Solscud007

3D Printed LEGO

41 posts in this topic

I went to Maker faire. It is a fair hosted by Make-zine a DIY magazine for electronic projects and furthering skill sets for nerdy but cool people.

I went to check out 3d Printing technologies.

Makerbot is an inexpensive FDM machine. (Fused Deposition Modelling) it extrudes a plastic filament and builds in layers.

Anyway I was at the Makerbot booth and looking at some of their printed samples and they had lego bricks that work!!! I dont know how compatible they are with real Lego but pretty cool.

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Looks like they would have a bit trouble with gripping.

But that is pretty cool. :)

-Omi

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Not bad at all. Machines like those could be potentially useful for making custom minifigure parts.

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Not bad at all. Machines like those could be potentially useful for making custom minifigure parts.

They already do. Shapeways is common nowadays for customizors.

-Omi

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They already do. Shapeways is common nowadays for customizors.

-Omi

But 3D printing is very expensive. Unless you didn't want to make a profit, parts would go for $100-$200, and maybe more for bigger pieces.

Edited by Mrlegoninja

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But 3D printing is very expensive. Unless you didn't want to make a profit, parts would go for $100-$200, and maybe more for bigger pieces.

ummmmmm

Looks pretty cheap to me.

And all those prices are set for them to make profit too.

-Omi

Edited by Omicron

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Those aren't 3-D printed. So, your examples are not applicable.

Yes they are. By what reasoning do you say they aren't?

"Shapeways is your personal fabrication service, using 3D printing. Personalized products for YOU and BY you." They also happen to be at Maker Faire showcasing their 3D printed products.

I have purchased from them

-Omi

Edited by Omicron

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But 3D printing is very expensive. Unless you didn't want to make a profit, parts would go for $100-$200, and maybe more for bigger pieces.

You seem to be confused on this. 3-D printers are extremely expensive. But 3-D printing services like Shapeways offer on-demand 3-D printing at a fairly low cost. It can sometimes be higher in cost depending on the material and the size of whatever you're ordering. But in general, 3-D printing is much cheaper than actually creating molds, hence why TLG themselves have a 3-D printer they use when creating prototype parts (as seen in some of the videos on the LEGO Cars website).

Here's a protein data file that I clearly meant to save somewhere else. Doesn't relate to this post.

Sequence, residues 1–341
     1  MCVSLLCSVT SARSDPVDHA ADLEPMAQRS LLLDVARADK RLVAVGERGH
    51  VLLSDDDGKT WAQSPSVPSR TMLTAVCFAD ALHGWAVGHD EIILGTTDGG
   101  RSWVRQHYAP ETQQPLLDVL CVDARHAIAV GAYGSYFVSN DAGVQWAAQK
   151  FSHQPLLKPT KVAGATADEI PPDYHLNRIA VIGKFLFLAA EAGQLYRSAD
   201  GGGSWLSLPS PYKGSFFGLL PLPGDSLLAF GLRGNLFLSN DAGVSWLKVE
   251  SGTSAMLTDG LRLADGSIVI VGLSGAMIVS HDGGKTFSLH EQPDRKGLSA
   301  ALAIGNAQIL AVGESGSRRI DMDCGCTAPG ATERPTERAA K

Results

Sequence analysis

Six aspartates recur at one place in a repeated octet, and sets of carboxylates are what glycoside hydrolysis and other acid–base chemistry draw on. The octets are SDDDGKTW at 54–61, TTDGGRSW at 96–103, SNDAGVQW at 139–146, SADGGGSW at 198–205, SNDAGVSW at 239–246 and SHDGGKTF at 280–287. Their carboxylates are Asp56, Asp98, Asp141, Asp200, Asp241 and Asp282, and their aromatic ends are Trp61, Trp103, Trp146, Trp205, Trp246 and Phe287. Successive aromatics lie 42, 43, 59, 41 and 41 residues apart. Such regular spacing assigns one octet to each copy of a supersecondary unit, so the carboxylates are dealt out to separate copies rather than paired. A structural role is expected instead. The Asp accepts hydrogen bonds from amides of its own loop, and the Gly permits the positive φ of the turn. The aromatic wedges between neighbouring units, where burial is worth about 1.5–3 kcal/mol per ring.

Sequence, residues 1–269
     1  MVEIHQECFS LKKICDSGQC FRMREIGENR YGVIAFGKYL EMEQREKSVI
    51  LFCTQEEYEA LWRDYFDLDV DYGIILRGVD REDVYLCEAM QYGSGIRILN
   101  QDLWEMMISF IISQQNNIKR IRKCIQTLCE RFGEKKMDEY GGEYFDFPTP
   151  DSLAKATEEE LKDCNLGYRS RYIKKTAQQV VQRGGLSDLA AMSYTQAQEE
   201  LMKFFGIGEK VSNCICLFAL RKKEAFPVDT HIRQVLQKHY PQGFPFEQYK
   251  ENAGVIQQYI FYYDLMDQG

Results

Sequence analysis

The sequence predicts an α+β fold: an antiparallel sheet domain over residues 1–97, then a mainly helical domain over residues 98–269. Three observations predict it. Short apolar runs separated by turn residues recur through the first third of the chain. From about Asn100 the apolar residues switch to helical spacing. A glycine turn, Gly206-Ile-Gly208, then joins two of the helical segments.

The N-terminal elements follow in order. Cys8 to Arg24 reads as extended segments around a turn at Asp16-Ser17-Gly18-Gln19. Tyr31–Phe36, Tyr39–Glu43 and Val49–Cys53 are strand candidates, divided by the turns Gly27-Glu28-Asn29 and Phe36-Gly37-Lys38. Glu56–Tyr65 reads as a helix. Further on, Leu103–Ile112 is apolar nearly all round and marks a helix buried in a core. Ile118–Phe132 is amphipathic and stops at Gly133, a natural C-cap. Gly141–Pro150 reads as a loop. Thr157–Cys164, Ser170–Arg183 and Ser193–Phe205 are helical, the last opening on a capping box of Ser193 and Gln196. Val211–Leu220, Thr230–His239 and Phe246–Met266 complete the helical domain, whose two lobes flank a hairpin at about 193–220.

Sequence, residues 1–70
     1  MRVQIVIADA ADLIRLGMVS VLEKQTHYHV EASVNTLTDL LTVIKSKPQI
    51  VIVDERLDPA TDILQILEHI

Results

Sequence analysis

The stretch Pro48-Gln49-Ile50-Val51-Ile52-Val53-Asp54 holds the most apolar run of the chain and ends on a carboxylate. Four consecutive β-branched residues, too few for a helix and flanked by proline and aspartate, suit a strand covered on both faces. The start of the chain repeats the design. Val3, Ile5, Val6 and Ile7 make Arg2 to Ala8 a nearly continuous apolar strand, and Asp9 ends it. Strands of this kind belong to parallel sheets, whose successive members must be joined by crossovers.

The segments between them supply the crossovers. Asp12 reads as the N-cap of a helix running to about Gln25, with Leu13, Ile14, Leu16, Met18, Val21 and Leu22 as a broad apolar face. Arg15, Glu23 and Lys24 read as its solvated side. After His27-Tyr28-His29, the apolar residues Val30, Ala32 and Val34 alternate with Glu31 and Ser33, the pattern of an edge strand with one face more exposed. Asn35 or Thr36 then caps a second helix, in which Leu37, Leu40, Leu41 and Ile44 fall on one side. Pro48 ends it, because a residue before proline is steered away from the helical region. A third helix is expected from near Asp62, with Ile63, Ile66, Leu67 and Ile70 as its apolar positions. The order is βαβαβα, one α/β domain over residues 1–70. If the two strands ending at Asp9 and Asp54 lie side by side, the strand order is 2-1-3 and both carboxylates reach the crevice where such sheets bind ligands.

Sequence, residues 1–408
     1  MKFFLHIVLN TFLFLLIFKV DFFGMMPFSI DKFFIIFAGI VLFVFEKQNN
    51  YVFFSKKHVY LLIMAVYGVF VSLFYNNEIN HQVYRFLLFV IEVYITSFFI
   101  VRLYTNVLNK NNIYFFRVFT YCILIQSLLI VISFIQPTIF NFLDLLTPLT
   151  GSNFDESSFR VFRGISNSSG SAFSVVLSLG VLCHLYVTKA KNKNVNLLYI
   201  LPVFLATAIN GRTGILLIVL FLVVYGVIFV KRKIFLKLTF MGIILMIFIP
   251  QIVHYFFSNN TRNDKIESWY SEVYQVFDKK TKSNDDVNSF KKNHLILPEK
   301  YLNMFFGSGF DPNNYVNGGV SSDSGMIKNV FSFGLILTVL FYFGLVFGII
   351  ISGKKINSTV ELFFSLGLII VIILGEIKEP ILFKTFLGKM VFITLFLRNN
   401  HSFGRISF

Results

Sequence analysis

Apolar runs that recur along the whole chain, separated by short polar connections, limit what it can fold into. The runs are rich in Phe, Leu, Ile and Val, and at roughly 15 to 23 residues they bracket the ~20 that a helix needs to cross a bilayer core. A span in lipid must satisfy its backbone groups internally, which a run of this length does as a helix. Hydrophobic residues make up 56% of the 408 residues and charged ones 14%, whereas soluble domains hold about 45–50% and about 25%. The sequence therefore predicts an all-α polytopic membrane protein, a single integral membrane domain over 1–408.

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Does anyone know the cost model for 3D printing? I assume the cost would be based on the amount of plastic used and the time it actually takes to print the element. So, small elements would likely be more worthwhile. Is that about on par, or is there something else missing? Anyone have any idea how long it takes to produce, say, a minifig-sized gun or something, using 3D printing?

DaveE

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Does anyone know the cost model for 3D printing? I assume the cost would be based on the amount of plastic used and the time it actually takes to print the element. So, small elements would likely be more worthwhile. Is that about on par, or is there something else missing? Anyone have any idea how long it takes to produce, say, a minifig-sized gun or something, using 3D printing?

DaveE

With Shapeways, an item like that takes them 8-10 days for them to receive the order, print it to specifications until it is right (they had to print something of mine 3 times to make sure it was right), and then deliver. And it would cost roughly between 1-3 dollars depending on the material used as well. If you click the links to the stores above you can see such examples.

-Omi

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But in general, 3-D printing is much cheaper than actually creating molds, hence why TLG themselves have a 3-D printer they use when creating prototype parts (as seen in some of the videos on the LEGO Cars website).

Cool! I didn't know that. Thanks for the info.

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With Shapeways, an item like that takes them 8-10 days for them to receive the order,

I'm not terribly interested in the business model-- that depends on how many orders they're getting, how much staff they have, whether or not they have to order more supplies, etc. Mostly, I'm interested in the process itself.

print it to specifications until it is right (they had to print something of mine 3 times to make sure it was right)

Now, that part's interesting-- it means there's a good chance that they can't just print using the file you provide them-- that it needs some tweaking or something to convert it into a format they can use. Maybe something like the path that the plastic injector uses to fill plastic or something? Anyway, that means there's probably some human element in there to analyze the quality of the output, and some manual tweaking of a data file for printing.